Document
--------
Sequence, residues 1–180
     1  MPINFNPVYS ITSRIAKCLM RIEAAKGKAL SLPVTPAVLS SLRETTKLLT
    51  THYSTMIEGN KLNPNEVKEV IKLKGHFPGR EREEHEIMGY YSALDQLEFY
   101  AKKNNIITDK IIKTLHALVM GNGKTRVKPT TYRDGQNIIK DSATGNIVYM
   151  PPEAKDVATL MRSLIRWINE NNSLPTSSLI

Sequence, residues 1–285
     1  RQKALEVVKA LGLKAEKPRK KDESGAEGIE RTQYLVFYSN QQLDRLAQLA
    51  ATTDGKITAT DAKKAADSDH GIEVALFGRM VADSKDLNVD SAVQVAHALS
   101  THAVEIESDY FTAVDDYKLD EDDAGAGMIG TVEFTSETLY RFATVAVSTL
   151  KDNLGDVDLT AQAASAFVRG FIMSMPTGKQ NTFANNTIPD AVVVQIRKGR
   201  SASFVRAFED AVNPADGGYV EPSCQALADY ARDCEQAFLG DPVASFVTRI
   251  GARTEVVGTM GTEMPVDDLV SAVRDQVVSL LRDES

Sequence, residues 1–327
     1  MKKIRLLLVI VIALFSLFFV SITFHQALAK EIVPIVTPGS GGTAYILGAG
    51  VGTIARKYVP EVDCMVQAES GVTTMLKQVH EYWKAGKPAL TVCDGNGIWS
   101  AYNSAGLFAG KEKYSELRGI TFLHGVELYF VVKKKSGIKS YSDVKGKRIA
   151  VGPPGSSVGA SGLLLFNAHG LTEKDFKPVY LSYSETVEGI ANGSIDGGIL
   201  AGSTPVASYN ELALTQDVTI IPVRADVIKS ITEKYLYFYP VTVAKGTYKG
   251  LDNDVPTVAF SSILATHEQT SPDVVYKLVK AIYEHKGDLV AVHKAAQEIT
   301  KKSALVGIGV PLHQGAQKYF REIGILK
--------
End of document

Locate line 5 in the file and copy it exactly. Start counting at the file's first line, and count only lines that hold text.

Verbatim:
   151  PPEAKDVATL MRSLIRWINE NNSLPTSSLI